USK, Wash. – “Look up on the wall and you will see 22 photos. Sixteen of those young men were veterans of World War II. When they returned home I would say that 98 percent of them were alcoholic,” Francis Cullooyah explained. “It changed our way of life here on the reservation. The war exposed them to alcohol and the things that were to be passed on to their children never happened.”
Alcoholism was once a major problem for the tribe, with the alcoholism rate reaching more than 90 percent. That rate has been reversed so that very few still have the problem. “Our children are very happy now and it’s gotten to where we can give them a good life. It’s one of the things that make it worthwhile and to be proud of whom we are,” Cullooyah said.
Cullooyah is an elder of the Kalispel Tribe, a noted storyteller and historian and one of the few tribal members who speak the Native language fluently. He was a young boy when World War II ended and those soldiers returned to the reservation. “I looked up to these men and lived their way of life. I thought that was the way of life, to be boozing all the time. But I never got to really learn anything from them. A couple of generations went on like that. I’m fortunate today to be sitting here. There were maybe 12 or 13 of us that ran around together, all the same age. I’m now 62, and of that group of friends only four are left. The rest went by way of alcohol.
“We were fortunate that our grandparents were still alive. They helped us with the cultural things, the songs, winter dances and ceremonies they passed on to me as a young person. I’m very fortunate to carry those things with me. Today we’re really pushing, hoping we can get our culture back. We know we’re not going to get it back the way that it had been; but the beliefs, the stories, the history, the way of life we had – that we can translate to these young people today. We have begun that process, language being the first and foremost in importance.
“It’s important for us to know who we were back then versus today. Now we’re kind of mixed up. We don’t really have any idea of what we were or who we were. Everything was simplistic in our way of life. “
Cullooyah described what it was like when he first left the reservation and went to school. “I saw all the nice clothes, the sandwiches that were wrapped and all those things. I looked at my frybread and venison sandwich. A lot of my schoolmates used to trade me,” he laughed. “I didn’t realize for a long time I was poor.”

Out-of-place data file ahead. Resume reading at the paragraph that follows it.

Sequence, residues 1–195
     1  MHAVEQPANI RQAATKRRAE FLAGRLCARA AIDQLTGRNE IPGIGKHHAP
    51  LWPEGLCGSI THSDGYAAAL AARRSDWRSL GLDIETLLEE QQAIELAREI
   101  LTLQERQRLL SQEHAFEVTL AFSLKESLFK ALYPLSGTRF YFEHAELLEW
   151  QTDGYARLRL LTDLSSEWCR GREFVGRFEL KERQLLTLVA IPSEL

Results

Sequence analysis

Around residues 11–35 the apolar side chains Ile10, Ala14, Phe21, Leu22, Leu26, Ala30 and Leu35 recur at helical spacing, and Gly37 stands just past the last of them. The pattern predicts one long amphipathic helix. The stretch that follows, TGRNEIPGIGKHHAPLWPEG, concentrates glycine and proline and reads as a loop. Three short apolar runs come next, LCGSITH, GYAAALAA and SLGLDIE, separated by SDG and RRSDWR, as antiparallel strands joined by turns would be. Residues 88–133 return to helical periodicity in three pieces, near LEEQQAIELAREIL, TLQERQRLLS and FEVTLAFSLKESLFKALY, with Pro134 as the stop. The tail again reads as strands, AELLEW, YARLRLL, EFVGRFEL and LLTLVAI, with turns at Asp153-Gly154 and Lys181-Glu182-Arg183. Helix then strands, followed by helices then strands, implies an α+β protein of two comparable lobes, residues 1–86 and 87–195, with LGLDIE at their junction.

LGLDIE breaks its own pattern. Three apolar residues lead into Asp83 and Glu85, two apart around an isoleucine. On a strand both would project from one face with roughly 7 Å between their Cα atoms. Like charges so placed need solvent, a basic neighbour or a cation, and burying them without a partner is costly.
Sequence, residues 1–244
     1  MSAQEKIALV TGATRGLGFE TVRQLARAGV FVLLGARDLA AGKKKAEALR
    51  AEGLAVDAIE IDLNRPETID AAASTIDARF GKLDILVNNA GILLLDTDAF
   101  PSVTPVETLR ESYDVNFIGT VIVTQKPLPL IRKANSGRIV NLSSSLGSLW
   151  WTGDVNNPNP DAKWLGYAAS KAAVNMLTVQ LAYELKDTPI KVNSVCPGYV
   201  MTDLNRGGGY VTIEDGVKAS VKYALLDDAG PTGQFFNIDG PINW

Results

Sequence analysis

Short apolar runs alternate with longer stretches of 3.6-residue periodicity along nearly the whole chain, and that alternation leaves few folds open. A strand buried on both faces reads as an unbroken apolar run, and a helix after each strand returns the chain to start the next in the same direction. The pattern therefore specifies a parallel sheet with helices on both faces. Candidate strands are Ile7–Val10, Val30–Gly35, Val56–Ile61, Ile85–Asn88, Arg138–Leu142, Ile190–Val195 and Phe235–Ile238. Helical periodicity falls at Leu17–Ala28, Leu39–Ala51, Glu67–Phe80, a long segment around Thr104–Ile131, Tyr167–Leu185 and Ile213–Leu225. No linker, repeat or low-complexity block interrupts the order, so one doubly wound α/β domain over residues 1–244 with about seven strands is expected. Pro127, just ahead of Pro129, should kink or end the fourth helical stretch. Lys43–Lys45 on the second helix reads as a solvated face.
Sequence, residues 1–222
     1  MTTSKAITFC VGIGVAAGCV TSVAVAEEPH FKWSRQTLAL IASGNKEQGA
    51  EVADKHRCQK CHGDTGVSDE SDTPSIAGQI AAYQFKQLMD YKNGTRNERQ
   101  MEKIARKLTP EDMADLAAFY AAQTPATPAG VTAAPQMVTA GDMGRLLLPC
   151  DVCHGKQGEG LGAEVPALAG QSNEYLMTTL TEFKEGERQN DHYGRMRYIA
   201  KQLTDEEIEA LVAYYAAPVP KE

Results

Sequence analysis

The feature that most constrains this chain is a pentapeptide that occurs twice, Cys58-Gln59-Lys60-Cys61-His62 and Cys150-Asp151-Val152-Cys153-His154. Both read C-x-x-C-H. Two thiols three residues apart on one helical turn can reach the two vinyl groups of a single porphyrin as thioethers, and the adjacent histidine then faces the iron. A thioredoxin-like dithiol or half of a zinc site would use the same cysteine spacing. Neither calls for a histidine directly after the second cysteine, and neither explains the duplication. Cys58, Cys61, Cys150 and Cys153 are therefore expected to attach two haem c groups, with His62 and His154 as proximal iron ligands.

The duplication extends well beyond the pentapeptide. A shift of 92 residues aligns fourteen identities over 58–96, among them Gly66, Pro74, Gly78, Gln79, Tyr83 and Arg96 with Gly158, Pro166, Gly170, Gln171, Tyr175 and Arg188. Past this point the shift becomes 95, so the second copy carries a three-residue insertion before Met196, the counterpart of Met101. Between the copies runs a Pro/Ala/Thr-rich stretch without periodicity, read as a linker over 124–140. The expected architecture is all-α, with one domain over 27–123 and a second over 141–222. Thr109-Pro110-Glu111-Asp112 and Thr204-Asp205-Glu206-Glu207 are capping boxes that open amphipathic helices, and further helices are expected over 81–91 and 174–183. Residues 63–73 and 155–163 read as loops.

“We depended on the rivers and the mountains and all the animals, from the trapping to the fish to the roots that were available during the seasons. It was everywhere, in the streams, the lake bottoms and the river bottoms. Everything we had as far as what we used for food was readily available to us. We harvested all through the summer months and had kind of a collection point where all the bands used to get together at a certain point and time.
“I really believe that our way of life today has only been evolved since the late ’60s and even through the ’70s. We shared things. We knew if somebody was short on supplies and we’d get together and help one another. Nowadays everyone seems to have everything. We don’t visit one another anymore.”
The Kalispel Reservation is quite small and doesn’t have its own school, so young people from kindergarten through 12th grade go to classes in public schools in the nearby community of Cusick. Approximately 82 Native youths attend school, a figure that represents about 30 percent of the entire student body.
Speaking about the school district, Cullooyah said, “I think we’ve already made a difference. Our tribe has close relations with the school district. Like anywhere else, there were prejudices against Indian kids because we were different. The way of life we live is different and people didn’t understand. We attend funerals and we take our children. We have memorials for people and we take our children.
“Finally we’re able to communicate with the schools. We go there and teach our language. That just began in 2005. We’ve made things possible with our language curriculum that we’ve done. We have four or five certified teachers that are able to go into the classroom through a memorandum of agreement with the Washington State Education Department.
“Our old ways are important because we still utilize our sweat lodges, still do our winter dances, still do ceremonies for honorings, still gather our traditional foods. That’s important to us, to let our young people know who they are and where they come from. Never let them forget that.”